Vincent Fremont on Andy Warhol: He was an energy force
For four decades, filmmaker and producer Vincent Fremont has been a part of the inner circle surrounding Andy Warhol’s life and legacy. Following his recent lecture at the Milwaukee Art Museum, Fremont talked with TCD’s Kat Murrell about working with Warhol, favorite memories of The Factory and why he’s happy to be a “lifer.”
KM: By way of starting out, you met Warhol in 1969. You came from San Diego, and you were in a band, correct?
VF: I was born in San Diego. My two high school friends and I started an unrealistic idea with kind of a band; we thought of songs. I don’t know what we were. We wore a lot of velvet — we were very L.A.
We actually had a manager, but we were conceptual. The curious thing is we didn’t play instruments. That would be a problem, don’t you think?
KM: That would be challenging…
VF: We had a lot of ideas; it’s a little more conceptual. We moved to New York, drove cross country … my friends had met Andy six months before, and three of us went up [to The Factory] with Mexican masks, theatrical masks that were gifts, and I ended up staying the rest of that afternoon. They left, and Andy taped me. That was kind of the beginning.
I didn’t have any money. The fourth day we were there — we were staying at the Chelsea Hotel — told the manager we were going. We were on our own. It’s called sink or swim.
KM: What were your first impressions of Andy Warhol and The Factory? You basically stayed on and started working?
VF: In ’69 I freelanced. For survival, I started out as the owner of a macrobiotic restaurant called The Paradox in the East Village. Paul Morrissey had bought a townhouse on East 6th Street, so we stayed there.
I worked at the Paradox all evening and then went to Max’s [Max’s Kansas City] at midnight and Max’s backroom didn’t start until midnight — midnight until 4 a.m. We were probably the last group in the backroom. Danny Fields, who was in the music business and is known as a manager of the Ramones, dubbed us [Fremont’s band, The Babies] “The group that came from nowhere and did nothing.” That was in the first two weeks we were there.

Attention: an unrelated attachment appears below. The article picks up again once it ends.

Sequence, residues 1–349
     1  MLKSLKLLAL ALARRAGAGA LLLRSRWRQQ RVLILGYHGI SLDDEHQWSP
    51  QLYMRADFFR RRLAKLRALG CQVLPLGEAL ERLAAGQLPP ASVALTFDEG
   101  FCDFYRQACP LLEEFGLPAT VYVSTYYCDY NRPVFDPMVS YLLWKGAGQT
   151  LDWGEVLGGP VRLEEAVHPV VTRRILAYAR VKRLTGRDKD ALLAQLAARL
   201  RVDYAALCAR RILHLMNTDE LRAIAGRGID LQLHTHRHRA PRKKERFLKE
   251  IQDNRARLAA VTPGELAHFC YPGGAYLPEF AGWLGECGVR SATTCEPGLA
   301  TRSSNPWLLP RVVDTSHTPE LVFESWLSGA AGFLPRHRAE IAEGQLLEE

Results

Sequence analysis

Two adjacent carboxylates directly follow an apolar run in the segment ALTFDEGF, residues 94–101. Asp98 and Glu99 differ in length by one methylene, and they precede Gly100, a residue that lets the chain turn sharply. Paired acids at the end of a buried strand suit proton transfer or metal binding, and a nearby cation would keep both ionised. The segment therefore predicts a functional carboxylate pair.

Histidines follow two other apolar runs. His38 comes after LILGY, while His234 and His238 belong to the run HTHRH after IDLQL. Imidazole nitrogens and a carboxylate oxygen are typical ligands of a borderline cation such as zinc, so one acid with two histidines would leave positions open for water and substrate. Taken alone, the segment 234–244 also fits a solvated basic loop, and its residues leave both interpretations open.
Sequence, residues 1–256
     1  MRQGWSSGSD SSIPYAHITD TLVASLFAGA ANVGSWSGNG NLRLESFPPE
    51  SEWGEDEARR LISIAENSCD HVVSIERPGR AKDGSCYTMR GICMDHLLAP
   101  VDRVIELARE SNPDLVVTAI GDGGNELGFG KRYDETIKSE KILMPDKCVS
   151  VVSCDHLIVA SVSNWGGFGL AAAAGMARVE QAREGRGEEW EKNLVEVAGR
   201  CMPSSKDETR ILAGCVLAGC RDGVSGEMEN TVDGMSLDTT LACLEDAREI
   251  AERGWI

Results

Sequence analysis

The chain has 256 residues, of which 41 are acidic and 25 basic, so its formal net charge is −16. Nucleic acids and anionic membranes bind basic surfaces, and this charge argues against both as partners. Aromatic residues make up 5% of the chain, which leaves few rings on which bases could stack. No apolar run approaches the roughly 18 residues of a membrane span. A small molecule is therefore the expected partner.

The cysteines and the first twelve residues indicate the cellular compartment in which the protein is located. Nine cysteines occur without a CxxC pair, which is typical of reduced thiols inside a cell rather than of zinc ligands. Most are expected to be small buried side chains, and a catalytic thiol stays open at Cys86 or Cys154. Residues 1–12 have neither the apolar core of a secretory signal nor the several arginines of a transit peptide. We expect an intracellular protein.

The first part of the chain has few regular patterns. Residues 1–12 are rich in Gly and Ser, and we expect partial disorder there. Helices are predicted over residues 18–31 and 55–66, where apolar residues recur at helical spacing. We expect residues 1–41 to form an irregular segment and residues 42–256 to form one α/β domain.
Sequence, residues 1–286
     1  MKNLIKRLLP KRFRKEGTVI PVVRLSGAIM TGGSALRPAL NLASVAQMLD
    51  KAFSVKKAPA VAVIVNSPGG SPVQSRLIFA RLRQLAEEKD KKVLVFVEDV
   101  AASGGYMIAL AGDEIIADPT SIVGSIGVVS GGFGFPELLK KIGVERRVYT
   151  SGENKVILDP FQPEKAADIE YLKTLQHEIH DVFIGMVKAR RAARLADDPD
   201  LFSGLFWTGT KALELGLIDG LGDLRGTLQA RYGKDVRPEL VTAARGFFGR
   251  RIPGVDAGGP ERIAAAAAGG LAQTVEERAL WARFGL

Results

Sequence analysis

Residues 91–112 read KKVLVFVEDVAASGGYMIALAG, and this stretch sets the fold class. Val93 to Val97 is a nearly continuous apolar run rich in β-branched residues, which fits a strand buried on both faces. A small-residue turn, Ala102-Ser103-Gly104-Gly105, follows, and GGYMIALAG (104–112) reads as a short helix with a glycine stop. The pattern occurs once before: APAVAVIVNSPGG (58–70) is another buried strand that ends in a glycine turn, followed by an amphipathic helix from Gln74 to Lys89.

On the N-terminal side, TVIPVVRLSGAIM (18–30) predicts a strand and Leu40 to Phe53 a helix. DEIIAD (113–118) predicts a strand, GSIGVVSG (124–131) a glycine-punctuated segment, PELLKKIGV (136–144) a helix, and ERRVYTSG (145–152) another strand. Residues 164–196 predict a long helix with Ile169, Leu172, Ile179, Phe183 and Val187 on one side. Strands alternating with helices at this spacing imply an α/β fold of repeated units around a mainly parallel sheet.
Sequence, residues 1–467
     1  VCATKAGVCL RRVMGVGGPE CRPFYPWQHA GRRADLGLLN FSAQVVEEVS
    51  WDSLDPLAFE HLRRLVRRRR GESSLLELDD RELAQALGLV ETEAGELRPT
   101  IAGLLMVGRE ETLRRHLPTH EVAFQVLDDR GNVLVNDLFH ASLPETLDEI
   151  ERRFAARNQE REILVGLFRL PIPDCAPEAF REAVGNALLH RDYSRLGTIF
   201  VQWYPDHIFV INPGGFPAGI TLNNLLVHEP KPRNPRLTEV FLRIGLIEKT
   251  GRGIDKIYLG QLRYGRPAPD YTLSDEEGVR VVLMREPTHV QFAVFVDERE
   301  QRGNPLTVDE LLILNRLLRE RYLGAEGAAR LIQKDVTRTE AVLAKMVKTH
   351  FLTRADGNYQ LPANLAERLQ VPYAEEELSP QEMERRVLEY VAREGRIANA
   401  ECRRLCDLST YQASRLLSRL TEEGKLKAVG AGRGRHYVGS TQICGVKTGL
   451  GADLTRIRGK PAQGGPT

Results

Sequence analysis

I started working with Andy; I would go sit and talk. I did a magazine article with him about Oh, Calcutta! for the Diners’ Club. That was the first thing that I ever did with him, the Diners’ Club article.
KM: After a while you ended up very much in charge of The Factory’s business operations, right?
VF: Fred Hughes was Andy’s main business manager. In the beginning I was the messenger, the one who personally answered the phones, swept the floor. Andy believed in the old-fashioned work ethic — you worked your way up. The more I worked and showed what I could do, the more he trusted me. The more he trusted, the more he gave you to do.
In the beginning, I was thrilled to meet Andy Warhol as a fan. I knew a lot about his ‘60s work and the silver Factory. I met him roughly a year after the assassination [which happened in] June 1968 — two days before Robert Kennedy. When I met him, he was pretty much recovered, but he was still shy about going out with new people.
KM: What about meeting new people?
VF: He was very accessible, shockingly so. I think if you were male especially, and you could talk, he was interested. But he was interested in anyone who was intelligent and could talk. People felt the need to perform for him. If you went to parties with him and you went to places with him, it wasn’t something that he promoted; people just came to him. He was an energy force.
KM: What was a typical day like in the heart of the ’70s?
VF: When I first started out, I wasn’t privy to a lot of stuff yet. My day was opening the place, sweeping floors, answering the phones. Then the drag queens would come in.
There were a lot of people still, what we called the hangers-on. There was also kind of a tug-o-war between Fred Hughes and Paul Morrissey about who would be the main manager … I was made Vice President of Andy Warhol Enterprises around 1974. It was a “new regime.”
In some books, they put us down. In other books, they understood that Andy needed to change, to evolve. There was still a lot of craziness going on, but it couldn’t go on the way it was at the silver Factory. In a decade, you change. We had the dress code, which was a jacket and tie and jeans. Fred [Hughes] was a clothes horse. Andy would dress any way he wanted.
KM: Do you have a favorite story?
VF: No, because there are a lot of favorites. But I’ll give you one. Meeting Jim Morrison. Jim Morrison was on his way to Paris, from which he would never return. I took the only photograph of Jim Morrison holding Interview magazine…
Having lunch with Alfred Hitchcock at the Plaza Hotel; spending time with Mick Jagger and Andy talking about their tour. Andy did the Love You Live record jacket and one before that. So many people dropped by…
KM: There is the idea of Andy as the patriarch of the studio, and that you all became very close, like a family. In Bob Colacello’s book [Holy Terror: Andy Warhol Close Up], he wrote that you were like the favorite son, that you had probably the closest relationship with Andy in that respect. What was he like as a person?